Planet Earth

Venerable Beads


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The san hunter-gatherers of southern Africa establish social networks by exchanging gifts, often glass or ostrich-eggshell beads, strung into a necklace or sewn onto a bag or hat. The gifts help secure future favors, says anthropologist Stanley Ambrose of the University of Illinois in Urbana-Champaign. As one San man told a researcher to whom he gave a gift, "It's free! It's yours! And don't you forget it!" According to Ambrose, such gift giving may have been established more than 40,000 years ago. He has found ostrich-eggshell beads of that age in Kenya, which rank among the world's oldest ornaments and may have given early humans in Africa an edge over their competitors.

Ambrose has been working at a rock shelter called Enkapune Ya Muto, or Twilight Cave, in Kenya's Rift Valley. There, among thousands of stone tools, he discovered the remains of an ostrich-eggshell bead workshop. He found nearly 600 shell fragments, as well as 13 complete beads. The finished beads have a hole drilled in the middle.

According to Ambrose, early Africans may have used beads the way the San do now, as a social survival mechanism in a difficult environment. Though the climate in East Africa was generally cooler and drier 40,000 years ago than it is now, the period was also marked by dramatic fluctuations in climate. Social ties, established by gift giving, would have helped people in tough times. "If there's a drought and you have to move, the place you're most likely not to get turned away from is the place where you have stored obligations and relationships," says Ambrose. "It's the original social security system."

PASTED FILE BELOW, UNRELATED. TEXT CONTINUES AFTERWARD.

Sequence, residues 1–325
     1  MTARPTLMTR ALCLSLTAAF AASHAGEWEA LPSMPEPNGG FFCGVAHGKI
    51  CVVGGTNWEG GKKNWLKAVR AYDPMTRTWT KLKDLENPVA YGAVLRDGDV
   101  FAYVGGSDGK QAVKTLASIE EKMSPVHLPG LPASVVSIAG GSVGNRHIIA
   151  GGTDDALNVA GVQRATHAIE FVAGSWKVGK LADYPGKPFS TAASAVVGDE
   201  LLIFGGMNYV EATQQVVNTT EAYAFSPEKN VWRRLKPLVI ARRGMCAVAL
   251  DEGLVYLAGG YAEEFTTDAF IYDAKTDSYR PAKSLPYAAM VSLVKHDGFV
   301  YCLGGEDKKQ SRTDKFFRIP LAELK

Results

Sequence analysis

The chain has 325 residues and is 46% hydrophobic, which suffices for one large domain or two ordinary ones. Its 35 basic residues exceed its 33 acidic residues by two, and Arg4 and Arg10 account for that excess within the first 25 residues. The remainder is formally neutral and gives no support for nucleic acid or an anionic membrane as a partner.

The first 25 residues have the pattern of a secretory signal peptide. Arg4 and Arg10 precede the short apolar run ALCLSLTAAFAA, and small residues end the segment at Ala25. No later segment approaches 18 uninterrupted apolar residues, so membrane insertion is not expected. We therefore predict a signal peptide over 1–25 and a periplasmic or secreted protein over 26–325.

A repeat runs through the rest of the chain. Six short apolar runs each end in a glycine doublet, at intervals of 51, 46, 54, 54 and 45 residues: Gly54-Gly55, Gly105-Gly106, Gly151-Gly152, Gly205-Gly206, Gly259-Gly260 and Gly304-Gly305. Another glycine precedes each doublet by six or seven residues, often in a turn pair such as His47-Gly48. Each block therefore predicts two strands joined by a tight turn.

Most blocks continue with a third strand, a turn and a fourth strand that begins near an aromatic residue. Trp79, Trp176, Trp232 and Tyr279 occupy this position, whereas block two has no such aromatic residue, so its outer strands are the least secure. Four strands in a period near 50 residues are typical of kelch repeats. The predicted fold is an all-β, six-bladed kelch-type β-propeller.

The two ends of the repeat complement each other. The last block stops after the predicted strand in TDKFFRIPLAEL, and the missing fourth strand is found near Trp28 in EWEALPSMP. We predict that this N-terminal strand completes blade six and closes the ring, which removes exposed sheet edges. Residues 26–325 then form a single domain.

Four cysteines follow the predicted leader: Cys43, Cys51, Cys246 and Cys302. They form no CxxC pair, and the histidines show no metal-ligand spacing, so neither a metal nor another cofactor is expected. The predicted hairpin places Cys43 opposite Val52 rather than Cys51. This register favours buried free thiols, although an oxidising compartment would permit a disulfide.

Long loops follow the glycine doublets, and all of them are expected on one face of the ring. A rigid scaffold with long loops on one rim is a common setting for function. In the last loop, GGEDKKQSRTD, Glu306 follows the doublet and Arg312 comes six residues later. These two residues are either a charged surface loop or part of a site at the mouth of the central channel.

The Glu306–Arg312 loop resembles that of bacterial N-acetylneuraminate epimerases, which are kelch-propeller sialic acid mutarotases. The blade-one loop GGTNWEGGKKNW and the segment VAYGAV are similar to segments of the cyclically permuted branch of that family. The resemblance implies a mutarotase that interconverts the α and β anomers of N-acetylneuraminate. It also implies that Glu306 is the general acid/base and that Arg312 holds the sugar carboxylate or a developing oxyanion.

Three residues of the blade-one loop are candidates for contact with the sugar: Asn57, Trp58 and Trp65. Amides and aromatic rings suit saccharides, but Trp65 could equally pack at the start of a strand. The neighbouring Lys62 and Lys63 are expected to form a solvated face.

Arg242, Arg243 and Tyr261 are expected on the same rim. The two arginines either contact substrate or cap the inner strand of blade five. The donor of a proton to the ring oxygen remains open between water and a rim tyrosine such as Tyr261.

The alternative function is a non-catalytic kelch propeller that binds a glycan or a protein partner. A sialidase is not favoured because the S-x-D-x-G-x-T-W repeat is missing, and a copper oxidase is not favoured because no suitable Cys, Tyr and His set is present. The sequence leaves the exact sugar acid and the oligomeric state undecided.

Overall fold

Support from neighbors would have helped early humans survive while others failed. "It gave the African people an advantage over Neanderthals, who may not have had a symbolic mechanism for social solidarity," says Ambrose. "The bottom line is, in competition between species in an unpredictable environment, the gift is mightier than the spear."

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